As regards imprinting defects, ART procedures including ovarian stimulation and the manipulation of preimplantation embryos occur during critical developmental periods when genomic imprints have been shown to be vulnerable in animal studies. The defect more frequently observed involves DNA methylation, especially loss of maternal methylation that seems to be due to underlying subfertility or ovarian stimulation without subsequent in vitro procedures [15, 19].

However, these findings require further confirmation because it would be very difficult to design randomised controlled trials to study the effects of ART and non-ART technologies with natural conception. Much of the information relies on observational studies or small cohort studies that may not have significant power.

Developments of the ART over the last thirty years have created unexpected public interest in certain aspects of human reproduction. After the initial enthusiasm, many ethical, legal and social issues related to the application of these procedures began to evolve, which led to serious discussions and often disagreements among the involved physicians, public and the state itself: multifetal pregnancy and fetal reduction, embryo criopreservation, preimplantation genetic diagnosis, genetic material donation and surrogacy [20].

Legislations and guidelines for infertility clinics have been outlined, along with strategies to limit the number of embryos transferred to achieve a lower risk of multiple births. Since 1997, a decrease has occurred in the number of embryos transferred and the percentage of gestation with three or more fetuses [21].

The common practice of physicians is to transfer to the uterus only two or three embryos in any cycle, although many embryos are produced during a single IVF cycle. Then human embryo cryopreservation has become integral part of ART and there is little knowledge about the limits of storage period and the possible effects of long term storage.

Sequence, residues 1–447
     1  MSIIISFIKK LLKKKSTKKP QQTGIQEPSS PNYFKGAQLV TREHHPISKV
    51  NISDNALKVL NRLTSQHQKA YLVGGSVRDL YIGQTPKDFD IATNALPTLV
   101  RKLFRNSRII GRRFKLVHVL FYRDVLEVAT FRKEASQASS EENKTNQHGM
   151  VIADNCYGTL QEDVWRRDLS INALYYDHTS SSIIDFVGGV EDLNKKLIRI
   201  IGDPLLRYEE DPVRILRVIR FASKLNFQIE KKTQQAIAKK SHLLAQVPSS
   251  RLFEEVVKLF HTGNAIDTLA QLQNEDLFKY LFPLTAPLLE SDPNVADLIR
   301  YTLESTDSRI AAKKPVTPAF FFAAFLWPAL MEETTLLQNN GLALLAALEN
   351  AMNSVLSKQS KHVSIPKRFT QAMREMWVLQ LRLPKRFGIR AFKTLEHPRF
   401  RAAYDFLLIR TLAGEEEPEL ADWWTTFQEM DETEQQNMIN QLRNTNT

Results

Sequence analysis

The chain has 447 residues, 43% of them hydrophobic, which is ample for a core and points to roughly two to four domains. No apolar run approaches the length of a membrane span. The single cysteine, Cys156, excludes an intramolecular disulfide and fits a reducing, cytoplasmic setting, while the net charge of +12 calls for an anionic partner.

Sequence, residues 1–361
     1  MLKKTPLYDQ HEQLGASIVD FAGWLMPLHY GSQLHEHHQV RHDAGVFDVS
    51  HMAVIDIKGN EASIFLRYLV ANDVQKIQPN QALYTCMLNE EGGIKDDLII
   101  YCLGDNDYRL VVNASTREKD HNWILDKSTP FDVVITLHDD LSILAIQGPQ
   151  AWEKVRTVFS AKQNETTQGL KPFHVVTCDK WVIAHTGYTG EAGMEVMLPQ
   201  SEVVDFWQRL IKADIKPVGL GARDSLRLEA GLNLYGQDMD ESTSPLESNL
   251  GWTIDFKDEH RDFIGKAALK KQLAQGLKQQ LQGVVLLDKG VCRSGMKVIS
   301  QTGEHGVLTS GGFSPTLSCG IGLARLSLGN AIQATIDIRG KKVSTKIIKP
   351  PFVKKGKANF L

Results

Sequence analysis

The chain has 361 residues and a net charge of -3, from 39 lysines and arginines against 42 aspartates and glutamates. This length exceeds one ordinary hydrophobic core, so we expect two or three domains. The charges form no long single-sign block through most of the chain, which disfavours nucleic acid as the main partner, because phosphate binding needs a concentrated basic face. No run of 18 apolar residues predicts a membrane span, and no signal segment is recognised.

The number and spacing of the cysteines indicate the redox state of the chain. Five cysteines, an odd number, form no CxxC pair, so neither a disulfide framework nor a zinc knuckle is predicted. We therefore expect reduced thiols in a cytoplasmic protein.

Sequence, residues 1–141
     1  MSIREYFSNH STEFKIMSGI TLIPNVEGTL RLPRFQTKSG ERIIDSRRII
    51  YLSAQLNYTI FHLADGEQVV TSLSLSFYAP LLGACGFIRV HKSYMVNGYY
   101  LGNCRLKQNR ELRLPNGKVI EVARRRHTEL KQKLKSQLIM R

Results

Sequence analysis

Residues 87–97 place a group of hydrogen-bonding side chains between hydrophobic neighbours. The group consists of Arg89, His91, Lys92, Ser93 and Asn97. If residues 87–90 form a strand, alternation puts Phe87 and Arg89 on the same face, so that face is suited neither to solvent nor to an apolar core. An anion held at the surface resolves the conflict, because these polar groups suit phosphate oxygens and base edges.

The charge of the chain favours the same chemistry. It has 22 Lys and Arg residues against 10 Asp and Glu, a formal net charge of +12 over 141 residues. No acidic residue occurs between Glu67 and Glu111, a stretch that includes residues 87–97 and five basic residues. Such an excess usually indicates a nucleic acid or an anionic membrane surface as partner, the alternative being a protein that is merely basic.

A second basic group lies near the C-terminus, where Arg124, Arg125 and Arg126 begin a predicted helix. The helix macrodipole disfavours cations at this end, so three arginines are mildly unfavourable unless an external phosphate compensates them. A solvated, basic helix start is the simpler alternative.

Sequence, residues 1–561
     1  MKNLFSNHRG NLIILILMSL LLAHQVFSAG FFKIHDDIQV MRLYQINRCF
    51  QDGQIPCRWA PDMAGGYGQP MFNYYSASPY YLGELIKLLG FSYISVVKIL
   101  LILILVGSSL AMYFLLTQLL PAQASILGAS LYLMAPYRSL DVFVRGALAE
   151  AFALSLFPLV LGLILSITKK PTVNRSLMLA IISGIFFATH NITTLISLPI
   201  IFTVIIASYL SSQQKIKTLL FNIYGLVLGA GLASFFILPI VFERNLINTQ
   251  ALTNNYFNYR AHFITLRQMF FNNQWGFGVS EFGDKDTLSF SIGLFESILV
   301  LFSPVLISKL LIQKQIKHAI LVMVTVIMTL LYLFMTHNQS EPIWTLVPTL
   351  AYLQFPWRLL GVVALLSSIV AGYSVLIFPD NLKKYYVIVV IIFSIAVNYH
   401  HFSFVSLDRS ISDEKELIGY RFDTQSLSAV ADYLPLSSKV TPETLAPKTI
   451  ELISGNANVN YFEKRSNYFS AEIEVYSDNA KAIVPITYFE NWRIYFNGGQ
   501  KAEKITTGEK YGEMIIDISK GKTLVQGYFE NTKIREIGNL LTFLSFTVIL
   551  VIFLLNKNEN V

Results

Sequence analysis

Until advances in assisted reproductive technology eliminate the iatrogenic cause of multiple gestation, fetal reduction offers hope for a good outcome in an otherwise adverse situation, such as a multiple pregnancy where its continuation represents a threat to the life or health of the mother.

The recent advances in genetic disorders have made possible to diagnose the genetic conditions in the embryos before implantation in a setting of in vitro fertilization. Polymerase chain reaction and fluorescence in situ hybridization are the two common techniques employed on a single or two cells obtained via embryo biopsy [22].

It is our view that several approaches are needed to better address real risk for ART complications: guidelines on the number of embryos that should be transferred, detailed information on the use of specific ART techniques on birth certificates, ART registry data, the linkage of the latter to birth defects registry data, prospective studies of ART births.

Obstetricians and pediatricians need to become sources of such information. Couples who want to use ART should be counselled about the risk/benefit associated with these techniques. An educated counsel is needed because evidence reveals that the diagnosis of infertility itself may increase the risk of perinatal complications.

In spite of the developments in reproductive medicine and the changes that have taken place to the structure of the society, a number of medical and ethical issues still remain unresolved.

Furthermore socioeconomic concerns are also important if we consider the remarkable use of human and technological resources needed to guarantee a good outcome in an induced multiple pregnancy.

In a pluralistic society it is more problematic to reach consensus on universal policy about assisted reproduction.

Would be acceptable to set the limits for the provision of these very useful treatments?

This open question must be addressed building future collaborative studies and continuing the debate on related ethical, legal and social issues.


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Correspondence to Antonio A Zuppa.

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AAZ conceived of the study, and participated in its design and coordination. GA wrote the manuscript and participated in the design of the study. PC wrote the manuscript. AS wrote the manuscript and participated in the design of the study. CR designed the study. All authors read and approved the final manuscript.

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Zuppa, A.A., Alighieri, G., Catenazzi, P. et al. Toward a bioethical issue: induced multiple pregnancies and neonatal outcomes. Ital J Pediatr 36, 74 (2010).